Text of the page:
This organization wants to use NFTs for #MeToo activism
In March, a digital artwork by graphic designer Beeple sold $ 69 million at Christie’s auction house. The sale was backed by an NFT, or non-fungible token, which secures the ownership rights to the artwork through a digital record of the transaction, much like how physical art changes hands. This year, the NFT craze has generated sales of hundreds of thousands to millions of dollars, whether for a New York Times story Where Jack Dorsey’s first tweet or the Nyan Chat GIF.
For many NFT collectors, the goal is to help artists financially and claim the right to brag about owning an original digital work of art. But Ariella Steinhorn and Amber Scorah, who run the storytelling platform Lioness, which helps spread stories of workplace abuse to the media, saw an opportunity to capitalize on the enthusiasm for TVNs for a new purpose. “There were all these different ways that NFTs were used and exploited,” says Scorah. “And we noticed that no one had used them before to draw attention to a social issue or an individual story and to sort of harness the power of NFT for activism.”
Today, Lioness published an essay from an anonymous source detailing her experience finding treatment in the late 1990s with wellness guru and alternative medicine practitioner Deepak Chopra, who she said had a sexual relationship with her while she was at the Chopra Center. In addition to publishing the essay, Lioness has hit an NFT on the Foundation platform, using a diary page the author wrote in 1998, around the time the events she describes allegedly took place.
In a cease and desist letter to Lioness, Chopra’s attorney vehemently denied the allegations and threatened legal action if they advanced in the publication. Chopra was not immediately available for comment Fast business. We will update this post when we get a response.
The diary had surfaced as Lioness investigated the author’s claims. Steinhorn and Scorah felt the page offered both corroboration and a powerful reminder to readers that a real person was behind the allegations, despite their anonymity. “Here is the perfect visual artifact that illustrated exactly what this story was about,” says Scorah. “It was written by this young woman who was in her twenties at the time. It’s really raw, and it’s very authentic from the experience of a young woman who’s confused and doesn’t quite understand what she’s getting herself into, and is messed up about it.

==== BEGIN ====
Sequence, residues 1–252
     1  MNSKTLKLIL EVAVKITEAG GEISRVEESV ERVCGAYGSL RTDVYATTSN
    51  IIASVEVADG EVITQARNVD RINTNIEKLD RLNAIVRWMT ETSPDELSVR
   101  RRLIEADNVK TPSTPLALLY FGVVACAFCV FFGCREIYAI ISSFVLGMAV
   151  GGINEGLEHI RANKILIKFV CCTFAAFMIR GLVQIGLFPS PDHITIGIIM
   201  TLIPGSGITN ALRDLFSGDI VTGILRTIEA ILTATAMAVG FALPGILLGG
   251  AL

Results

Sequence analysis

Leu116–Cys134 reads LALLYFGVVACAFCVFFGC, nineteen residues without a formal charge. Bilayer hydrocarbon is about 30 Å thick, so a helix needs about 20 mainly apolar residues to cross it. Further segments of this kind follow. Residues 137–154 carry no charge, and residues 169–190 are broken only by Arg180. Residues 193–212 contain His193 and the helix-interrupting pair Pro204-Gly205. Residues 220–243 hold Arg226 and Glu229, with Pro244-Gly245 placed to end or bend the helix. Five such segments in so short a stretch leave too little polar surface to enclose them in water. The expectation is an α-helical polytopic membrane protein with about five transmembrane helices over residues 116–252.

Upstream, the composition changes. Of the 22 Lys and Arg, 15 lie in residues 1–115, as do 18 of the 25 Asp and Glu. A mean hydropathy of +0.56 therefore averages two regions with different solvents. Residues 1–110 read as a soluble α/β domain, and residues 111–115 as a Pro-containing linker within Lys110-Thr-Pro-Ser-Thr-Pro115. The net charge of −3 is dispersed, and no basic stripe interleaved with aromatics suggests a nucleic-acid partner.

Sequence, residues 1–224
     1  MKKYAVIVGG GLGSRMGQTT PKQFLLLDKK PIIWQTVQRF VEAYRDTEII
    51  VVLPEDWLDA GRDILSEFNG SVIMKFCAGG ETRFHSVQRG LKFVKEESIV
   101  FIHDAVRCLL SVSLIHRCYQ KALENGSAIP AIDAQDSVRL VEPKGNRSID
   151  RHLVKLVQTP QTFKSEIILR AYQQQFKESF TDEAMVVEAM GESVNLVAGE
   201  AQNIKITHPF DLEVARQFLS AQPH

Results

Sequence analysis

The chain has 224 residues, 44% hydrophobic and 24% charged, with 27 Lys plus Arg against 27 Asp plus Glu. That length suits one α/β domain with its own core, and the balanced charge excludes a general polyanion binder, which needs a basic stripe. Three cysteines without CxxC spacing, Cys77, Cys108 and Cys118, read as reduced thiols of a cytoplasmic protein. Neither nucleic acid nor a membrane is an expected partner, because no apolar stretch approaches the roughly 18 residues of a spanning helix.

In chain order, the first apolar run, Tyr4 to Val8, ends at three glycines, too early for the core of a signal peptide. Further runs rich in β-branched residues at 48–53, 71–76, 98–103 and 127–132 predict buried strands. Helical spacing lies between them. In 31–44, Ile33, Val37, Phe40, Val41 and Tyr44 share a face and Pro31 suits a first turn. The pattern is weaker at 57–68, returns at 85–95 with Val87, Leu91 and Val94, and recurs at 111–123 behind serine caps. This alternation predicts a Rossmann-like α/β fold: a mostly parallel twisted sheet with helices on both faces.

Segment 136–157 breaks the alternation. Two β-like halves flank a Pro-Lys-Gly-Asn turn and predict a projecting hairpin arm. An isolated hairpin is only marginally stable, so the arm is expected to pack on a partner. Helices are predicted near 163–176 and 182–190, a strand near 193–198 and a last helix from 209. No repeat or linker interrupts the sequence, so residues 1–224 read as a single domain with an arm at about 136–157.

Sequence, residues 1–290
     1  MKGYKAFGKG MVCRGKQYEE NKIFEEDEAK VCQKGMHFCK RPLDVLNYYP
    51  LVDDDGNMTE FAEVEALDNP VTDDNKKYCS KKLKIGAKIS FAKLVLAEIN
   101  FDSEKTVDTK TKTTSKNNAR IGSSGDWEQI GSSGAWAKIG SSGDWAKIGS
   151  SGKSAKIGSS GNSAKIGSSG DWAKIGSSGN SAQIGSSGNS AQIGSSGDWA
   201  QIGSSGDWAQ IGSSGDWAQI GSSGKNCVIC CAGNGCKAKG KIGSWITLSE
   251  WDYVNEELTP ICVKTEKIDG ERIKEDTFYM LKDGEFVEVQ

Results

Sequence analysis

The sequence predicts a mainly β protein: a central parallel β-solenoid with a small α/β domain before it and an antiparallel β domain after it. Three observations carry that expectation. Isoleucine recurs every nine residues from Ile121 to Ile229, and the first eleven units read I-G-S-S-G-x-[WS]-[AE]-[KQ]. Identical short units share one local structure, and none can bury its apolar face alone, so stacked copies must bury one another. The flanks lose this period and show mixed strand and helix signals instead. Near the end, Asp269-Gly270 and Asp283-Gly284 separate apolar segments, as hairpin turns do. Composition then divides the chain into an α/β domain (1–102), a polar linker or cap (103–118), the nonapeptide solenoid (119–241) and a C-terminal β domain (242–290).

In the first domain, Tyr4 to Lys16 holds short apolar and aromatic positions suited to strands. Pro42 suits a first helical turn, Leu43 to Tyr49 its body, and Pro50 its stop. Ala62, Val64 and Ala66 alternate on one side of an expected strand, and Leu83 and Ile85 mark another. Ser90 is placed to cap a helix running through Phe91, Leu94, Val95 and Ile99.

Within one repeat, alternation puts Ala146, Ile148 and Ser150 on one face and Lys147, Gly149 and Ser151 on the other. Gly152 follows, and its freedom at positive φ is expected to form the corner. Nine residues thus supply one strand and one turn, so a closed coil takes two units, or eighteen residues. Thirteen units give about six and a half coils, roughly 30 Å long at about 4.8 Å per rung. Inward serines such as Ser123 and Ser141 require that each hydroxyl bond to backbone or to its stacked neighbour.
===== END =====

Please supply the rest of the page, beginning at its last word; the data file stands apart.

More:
As a small business, Lioness was also concerned about the potential legal repercussions of posting an anonymous account containing allegations against a public figure with deep pockets like Chopra. (Lioness had courted several posts with the story, but they were unwilling to publish the allegations from a single anonymous source.) To help protect both the author and Lioness, any proceeds from the sale of the NFT be directed to a legal fund, for use in prosecution or other legal action; The NFT auction will officially open on Thursday, September 23 at 1 p.m. ET. “We’re cementing it forever on the blockchain,” says Steinhorn, “and in the process of doing that, hopefully getting an offer that will allow us to continue this work.”
In some ways, says Steinhorn, this NFT is a spiritual successor to the one recently sold by model and writer Emily Ratajkowski, which was aptly titled “Redeeming Myself: A Model of Redistribution” and was meant to be a statement about who should benefit from its image. (The NFT ended up selling for $ 175,000.)
“This is no longer a vanity project,” says Scorah. “It’s not the artifact [or] object which is the goal. It’s actually a way of showing support, a way of trying to change the culture, a way of trying to hold powerful people to account. “